The 18th- and 19th-century wave of horological innovation that followed the invention of the pendulum brought many improvements to pendulum clocks. The deadbeat escapement invented in 1675 by Richard Towneley and popularised by George Graham around 1715 in his precision "regulator" clocks gradually replaced the anchor escapement and is now used in most modern pendulum clocks. The observation that pendulum clocks slowed down in summer brought the realisation that thermal expansion and contraction of the pendulum rod with changes in temperature was a source of error. This was solved by the invention of temperature-compensated pendulums; the mercury pendulum by George Graham in 1721 and the gridiron pendulum by John Harrison in 1726. With these improvements, by the mid-18th century precision pendulum clocks achieved accuracies of a few seconds per week.
At the time the second was defined as a fraction of the Earth's rotation time or mean solar day and determined by clocks whose precision was checked by astronomical observations. Solar time is a calculation of the passage of time based on the position of the Sun in the sky. The fundamental unit of solar time is the day. Two types of solar time are apparent solar time (sundial time) and mean solar time (clock time).
Mean solar time is the hour angle of the mean Sun plus 12 hours. This 12 hour offset comes from the decision to make each day start at midnight for civil purposes whereas the hour angle or the mean sun is measured from the zenith (noon). The duration of daylight varies during the year but the length of a mean solar day is nearly constant, unlike that of an apparent solar day. An apparent solar day can be 20 seconds shorter or 30 seconds longer than a mean solar day. Long or short days occur in succession, so the difference builds up until mean time is ahead of apparent time by about 14 minutes near February 6 and behind apparent time by about 16 minutes near November 3. The equation of time is this difference, which is cyclical and does not accumulate from year to year.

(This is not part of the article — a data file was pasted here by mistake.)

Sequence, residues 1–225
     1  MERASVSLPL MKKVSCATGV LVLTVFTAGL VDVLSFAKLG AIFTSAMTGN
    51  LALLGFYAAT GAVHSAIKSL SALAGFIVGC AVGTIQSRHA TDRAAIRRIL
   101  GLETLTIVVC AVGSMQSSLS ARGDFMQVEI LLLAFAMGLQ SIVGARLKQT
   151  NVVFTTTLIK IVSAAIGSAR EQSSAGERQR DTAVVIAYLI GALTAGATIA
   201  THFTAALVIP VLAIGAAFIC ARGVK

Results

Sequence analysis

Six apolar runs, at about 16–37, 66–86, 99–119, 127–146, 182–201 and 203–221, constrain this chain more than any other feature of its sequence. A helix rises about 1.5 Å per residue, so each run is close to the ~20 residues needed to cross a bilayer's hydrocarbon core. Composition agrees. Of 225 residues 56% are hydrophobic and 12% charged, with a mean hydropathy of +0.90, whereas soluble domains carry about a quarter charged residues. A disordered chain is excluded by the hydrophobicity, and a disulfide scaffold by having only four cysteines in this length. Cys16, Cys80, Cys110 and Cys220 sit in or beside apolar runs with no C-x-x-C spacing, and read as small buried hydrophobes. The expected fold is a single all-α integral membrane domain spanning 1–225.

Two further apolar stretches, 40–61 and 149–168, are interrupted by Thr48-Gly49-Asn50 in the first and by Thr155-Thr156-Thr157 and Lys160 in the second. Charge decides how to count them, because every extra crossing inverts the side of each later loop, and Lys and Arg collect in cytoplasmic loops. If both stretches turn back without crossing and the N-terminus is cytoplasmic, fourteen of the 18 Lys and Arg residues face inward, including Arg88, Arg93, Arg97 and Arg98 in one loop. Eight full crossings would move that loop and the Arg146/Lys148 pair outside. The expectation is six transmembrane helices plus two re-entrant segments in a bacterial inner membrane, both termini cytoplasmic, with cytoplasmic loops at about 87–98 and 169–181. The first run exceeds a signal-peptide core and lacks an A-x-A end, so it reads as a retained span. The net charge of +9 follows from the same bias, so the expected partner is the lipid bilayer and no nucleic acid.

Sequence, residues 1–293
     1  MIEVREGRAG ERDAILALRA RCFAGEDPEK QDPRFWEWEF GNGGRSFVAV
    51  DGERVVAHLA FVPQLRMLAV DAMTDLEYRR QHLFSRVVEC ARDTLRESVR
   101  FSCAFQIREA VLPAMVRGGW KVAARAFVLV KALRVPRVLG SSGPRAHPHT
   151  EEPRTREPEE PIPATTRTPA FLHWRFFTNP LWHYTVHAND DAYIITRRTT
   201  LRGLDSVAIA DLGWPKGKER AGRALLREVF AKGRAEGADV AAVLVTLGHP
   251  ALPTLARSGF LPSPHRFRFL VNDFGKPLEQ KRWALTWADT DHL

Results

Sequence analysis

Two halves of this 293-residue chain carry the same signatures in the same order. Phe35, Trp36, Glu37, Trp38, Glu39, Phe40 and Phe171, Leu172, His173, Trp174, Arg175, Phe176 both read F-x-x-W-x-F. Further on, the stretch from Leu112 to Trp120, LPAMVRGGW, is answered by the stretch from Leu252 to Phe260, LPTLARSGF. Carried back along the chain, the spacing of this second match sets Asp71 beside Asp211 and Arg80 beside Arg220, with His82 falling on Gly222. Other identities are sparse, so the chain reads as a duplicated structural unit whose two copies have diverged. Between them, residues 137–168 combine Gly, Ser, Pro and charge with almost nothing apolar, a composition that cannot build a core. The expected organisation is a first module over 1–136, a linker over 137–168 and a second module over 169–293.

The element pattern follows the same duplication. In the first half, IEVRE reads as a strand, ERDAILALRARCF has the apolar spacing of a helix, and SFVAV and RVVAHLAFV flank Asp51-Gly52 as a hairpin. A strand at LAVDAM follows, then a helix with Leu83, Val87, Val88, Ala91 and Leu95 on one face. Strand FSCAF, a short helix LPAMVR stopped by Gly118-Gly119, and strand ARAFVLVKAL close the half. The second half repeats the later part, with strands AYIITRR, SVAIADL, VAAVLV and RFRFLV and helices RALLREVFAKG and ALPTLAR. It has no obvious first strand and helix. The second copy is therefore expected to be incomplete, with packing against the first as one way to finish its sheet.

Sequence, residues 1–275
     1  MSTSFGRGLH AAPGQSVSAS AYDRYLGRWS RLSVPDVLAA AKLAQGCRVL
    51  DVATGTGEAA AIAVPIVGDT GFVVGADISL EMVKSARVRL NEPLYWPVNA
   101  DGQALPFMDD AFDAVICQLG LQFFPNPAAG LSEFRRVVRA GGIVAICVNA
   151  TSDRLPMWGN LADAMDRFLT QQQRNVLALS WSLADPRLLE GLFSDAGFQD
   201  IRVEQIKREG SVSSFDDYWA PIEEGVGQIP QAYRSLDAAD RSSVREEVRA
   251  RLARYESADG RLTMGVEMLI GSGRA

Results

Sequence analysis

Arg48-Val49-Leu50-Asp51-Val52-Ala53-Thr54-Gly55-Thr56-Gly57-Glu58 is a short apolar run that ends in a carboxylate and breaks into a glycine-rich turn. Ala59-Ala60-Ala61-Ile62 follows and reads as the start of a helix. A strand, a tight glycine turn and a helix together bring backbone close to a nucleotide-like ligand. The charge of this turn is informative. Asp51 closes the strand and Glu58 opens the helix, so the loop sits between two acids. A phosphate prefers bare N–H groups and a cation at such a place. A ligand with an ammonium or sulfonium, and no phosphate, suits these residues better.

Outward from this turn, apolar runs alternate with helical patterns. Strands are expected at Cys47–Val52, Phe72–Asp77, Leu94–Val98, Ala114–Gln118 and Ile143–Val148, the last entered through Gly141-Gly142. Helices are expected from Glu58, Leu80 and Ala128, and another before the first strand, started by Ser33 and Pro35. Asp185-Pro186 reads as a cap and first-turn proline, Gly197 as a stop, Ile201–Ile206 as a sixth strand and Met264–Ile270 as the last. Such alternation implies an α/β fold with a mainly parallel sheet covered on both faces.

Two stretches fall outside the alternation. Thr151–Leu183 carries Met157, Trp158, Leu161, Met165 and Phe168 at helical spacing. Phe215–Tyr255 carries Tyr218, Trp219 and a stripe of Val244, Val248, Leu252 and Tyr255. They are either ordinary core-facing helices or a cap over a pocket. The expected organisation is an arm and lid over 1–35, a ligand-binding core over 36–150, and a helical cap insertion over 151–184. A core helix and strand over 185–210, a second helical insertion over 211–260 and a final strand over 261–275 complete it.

Mean time follows the mean sun. Jean Meeus describes the mean sun as follows:
Consider a first fictitious Sun travelling along the ecliptic with a constant speed and coinciding with the true sun at the perigee and apogee (when the Earth is in perihelion and aphelion, respectively). Then consider a second fictitious Sun travelling along the celestial equator at a constant speed and coinciding with the first fictitious Sun at the equinoxes. This second fictitious sun is the mean Sun..."
Usage in metrology
The length of a seconds pendulum was determined (in toises) by Marin Mersenne in 1644. In 1660, the Royal Society proposed that it be the standard unit of length. In 1671 Jean Picard measured this length at the Paris observatory. He found the value of 440.5 lines of the Toise of Châtelet which had been recently renewed. He proposed a universal toise (French: Toise universelle) which was twice the length of the seconds pendulum. However, it was soon discovered that the length of a seconds pendulum varies from place to place: French astronomer Jean Richer had measured the 0.3% difference in length between Cayenne (in French Guiana) and Paris.
Relationship to the figure of the Earth
Jean Richer and Giovanni Domenico Cassini measured the parallax of Mars between Paris and Cayenne in French Guiana when Mars was at its closest to Earth in 1672. They arrived at a figure for the solar parallax of 91/2 inches, equivalent to an Earth–Sun distance of about 22000 Earth radii. They were also the first astronomers to have access to an accurate and reliable value for the radius of Earth, which had been measured by their colleague Jean Picard in 1669 as 3269 thousand toises. Picard's geodetic observations had been confined to the determination of the magnitude of the earth considered as a sphere, but the discovery made by Jean Richer turned the attention of mathematicians to its deviation from a spherical form. The determination of the figure of the earth became a problem of the highest importance in astronomy, inasmuch as the diameter of the earth was the unit to which all celestial distances had to be referred.